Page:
There is the compulsion to say to the world, to those who could not come: I am here. We are here. And even if we still cannot understand, we try to remember.
In times of tragedy, should we block out social media noise or find a way to interpret it? As a journalist I am grateful for the diversity of opinions a mouse-click away. But I also worry that so many unfiltered voices will muddy the waters of truth and clarity, leaving us more upset and confused. …
Those of us tasked with covering death and tragedy are constantly flipping switches on our emotional reactors. It’s hard. And it’s hard to talk openly and honestly about how we do that. I thank Dallas Morning News reporter Naomi Martin for doing so here, in a piece titled: “I lost any sense of journalistic detachment when …
The new anthology LAtitudes aims to “rip up all the conventional thinking” about Los Angeles, bringing together 19 essays that explore topics such as L.A.’s pop music, ugly buildings, curbside tacos and street names.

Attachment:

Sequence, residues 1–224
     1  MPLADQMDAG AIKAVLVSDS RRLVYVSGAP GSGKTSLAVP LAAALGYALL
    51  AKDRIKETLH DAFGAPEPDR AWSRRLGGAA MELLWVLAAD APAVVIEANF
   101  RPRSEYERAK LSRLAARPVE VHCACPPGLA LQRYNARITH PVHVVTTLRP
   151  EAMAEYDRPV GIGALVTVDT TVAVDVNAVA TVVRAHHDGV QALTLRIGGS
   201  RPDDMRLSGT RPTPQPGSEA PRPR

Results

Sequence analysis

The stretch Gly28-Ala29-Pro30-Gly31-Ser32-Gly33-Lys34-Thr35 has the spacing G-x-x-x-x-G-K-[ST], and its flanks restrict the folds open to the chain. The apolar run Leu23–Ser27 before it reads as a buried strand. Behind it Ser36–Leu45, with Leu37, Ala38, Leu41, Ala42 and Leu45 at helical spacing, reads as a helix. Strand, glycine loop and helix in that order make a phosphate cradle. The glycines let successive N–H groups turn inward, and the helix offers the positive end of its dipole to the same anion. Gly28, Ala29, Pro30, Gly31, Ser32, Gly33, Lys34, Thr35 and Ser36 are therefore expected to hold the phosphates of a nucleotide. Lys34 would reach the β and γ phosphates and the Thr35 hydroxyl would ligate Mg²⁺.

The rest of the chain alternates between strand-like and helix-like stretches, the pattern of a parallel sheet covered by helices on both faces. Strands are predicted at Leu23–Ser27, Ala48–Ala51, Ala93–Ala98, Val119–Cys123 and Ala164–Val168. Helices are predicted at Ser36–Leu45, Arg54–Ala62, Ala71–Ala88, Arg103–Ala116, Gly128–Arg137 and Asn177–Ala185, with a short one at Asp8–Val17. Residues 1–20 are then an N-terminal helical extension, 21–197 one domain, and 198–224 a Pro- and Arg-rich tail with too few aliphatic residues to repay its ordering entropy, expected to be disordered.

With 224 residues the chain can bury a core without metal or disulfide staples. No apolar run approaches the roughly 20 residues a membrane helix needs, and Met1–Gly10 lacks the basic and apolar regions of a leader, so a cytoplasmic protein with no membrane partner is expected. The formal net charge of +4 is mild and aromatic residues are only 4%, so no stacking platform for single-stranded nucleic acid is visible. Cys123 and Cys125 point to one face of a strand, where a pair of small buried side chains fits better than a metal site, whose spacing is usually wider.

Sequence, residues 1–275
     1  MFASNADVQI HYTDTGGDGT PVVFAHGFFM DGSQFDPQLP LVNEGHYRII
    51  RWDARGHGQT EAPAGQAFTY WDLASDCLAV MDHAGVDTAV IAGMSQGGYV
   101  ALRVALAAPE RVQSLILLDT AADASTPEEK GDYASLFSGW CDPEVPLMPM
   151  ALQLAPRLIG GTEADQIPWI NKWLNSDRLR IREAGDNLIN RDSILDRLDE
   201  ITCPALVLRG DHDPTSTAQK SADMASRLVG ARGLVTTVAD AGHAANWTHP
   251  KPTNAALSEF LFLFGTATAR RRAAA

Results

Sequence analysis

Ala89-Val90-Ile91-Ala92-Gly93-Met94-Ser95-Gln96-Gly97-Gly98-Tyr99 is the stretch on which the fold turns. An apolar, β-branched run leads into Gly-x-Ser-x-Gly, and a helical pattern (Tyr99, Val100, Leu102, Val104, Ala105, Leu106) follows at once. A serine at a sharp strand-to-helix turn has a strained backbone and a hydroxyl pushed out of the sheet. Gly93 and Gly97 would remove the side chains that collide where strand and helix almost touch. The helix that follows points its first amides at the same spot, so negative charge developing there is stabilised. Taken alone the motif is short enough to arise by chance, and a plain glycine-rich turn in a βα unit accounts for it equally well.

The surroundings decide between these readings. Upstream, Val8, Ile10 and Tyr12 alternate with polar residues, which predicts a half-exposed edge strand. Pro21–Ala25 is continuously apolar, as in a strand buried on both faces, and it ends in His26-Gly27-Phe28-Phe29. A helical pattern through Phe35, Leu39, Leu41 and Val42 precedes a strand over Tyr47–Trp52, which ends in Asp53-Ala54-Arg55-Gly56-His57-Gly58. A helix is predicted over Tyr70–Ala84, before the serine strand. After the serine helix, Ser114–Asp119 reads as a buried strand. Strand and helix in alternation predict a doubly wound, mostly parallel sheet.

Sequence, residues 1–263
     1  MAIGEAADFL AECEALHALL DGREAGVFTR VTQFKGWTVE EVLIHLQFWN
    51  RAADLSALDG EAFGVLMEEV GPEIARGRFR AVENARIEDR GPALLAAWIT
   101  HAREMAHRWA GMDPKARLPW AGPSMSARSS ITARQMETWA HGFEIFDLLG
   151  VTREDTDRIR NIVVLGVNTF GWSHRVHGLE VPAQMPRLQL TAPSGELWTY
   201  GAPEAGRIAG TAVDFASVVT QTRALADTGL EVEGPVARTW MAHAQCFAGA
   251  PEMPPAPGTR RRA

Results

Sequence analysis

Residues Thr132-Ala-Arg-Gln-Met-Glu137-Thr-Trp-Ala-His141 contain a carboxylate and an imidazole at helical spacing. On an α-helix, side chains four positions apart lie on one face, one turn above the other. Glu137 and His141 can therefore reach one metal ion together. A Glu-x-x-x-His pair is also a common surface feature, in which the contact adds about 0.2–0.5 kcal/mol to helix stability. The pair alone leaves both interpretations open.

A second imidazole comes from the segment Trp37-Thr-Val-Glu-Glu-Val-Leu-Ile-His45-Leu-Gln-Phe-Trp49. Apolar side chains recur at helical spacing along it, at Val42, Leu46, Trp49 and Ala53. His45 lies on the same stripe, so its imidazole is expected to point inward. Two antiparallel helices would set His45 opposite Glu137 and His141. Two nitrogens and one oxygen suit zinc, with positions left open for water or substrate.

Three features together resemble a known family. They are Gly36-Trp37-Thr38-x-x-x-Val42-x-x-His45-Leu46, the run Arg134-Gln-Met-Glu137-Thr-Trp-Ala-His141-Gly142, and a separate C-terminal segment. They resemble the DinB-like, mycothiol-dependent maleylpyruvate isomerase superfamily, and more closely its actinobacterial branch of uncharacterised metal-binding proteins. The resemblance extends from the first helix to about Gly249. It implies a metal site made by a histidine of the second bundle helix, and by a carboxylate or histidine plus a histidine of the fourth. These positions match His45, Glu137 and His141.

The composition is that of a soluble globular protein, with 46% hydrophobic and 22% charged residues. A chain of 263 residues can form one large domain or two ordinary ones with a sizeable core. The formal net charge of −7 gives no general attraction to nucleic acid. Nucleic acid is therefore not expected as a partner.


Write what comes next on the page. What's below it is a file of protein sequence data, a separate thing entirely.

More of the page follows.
For young journalists, teaching ourselves how to write (without relying on professors and editors) is an essential tool for survival in the news business.
The Southern California Library in South LA preserves historical records that could have been lost.
Ted Gibson’s framing shop has stubbornly stayed in business. It has kept its charm, too.
L.A. is home to countless wacky and whimsical and often nonsensical signs. One of the most unique has to be at Little Tokyo’s LA Chicken, a quick-serve joint specializing in Mexican-Japanese fusion, like the burrito with sushi rice, chicken, avocado, beans, cilantro, and potato salad.
What do Bill Clinton, Antonio Villaraigosa, Eric Garcetti, Placido Domingo and Stevie Wonder have in common? They were all on the same stage last Friday evening at City Hall for “Celebrate L.A.,” a so-called “block party” — free and open to all — honoring cultural heritage month and Villaraigosa’s final days as L.A. mayor. (See post for video of Bill Clinton’s comments and Stevie Wonder’s performance.)
The smells of garlic and tomato often assault my nose when I walk past Pitfire Pizza downtown on 2nd St. But one recent night, change was in the air. The wind carried cumin, coriander, garam masala: the scents of India. India’s cooking, at least. They summoned me to Pitfire’s new neighbor, a restaurant called Badmaash. …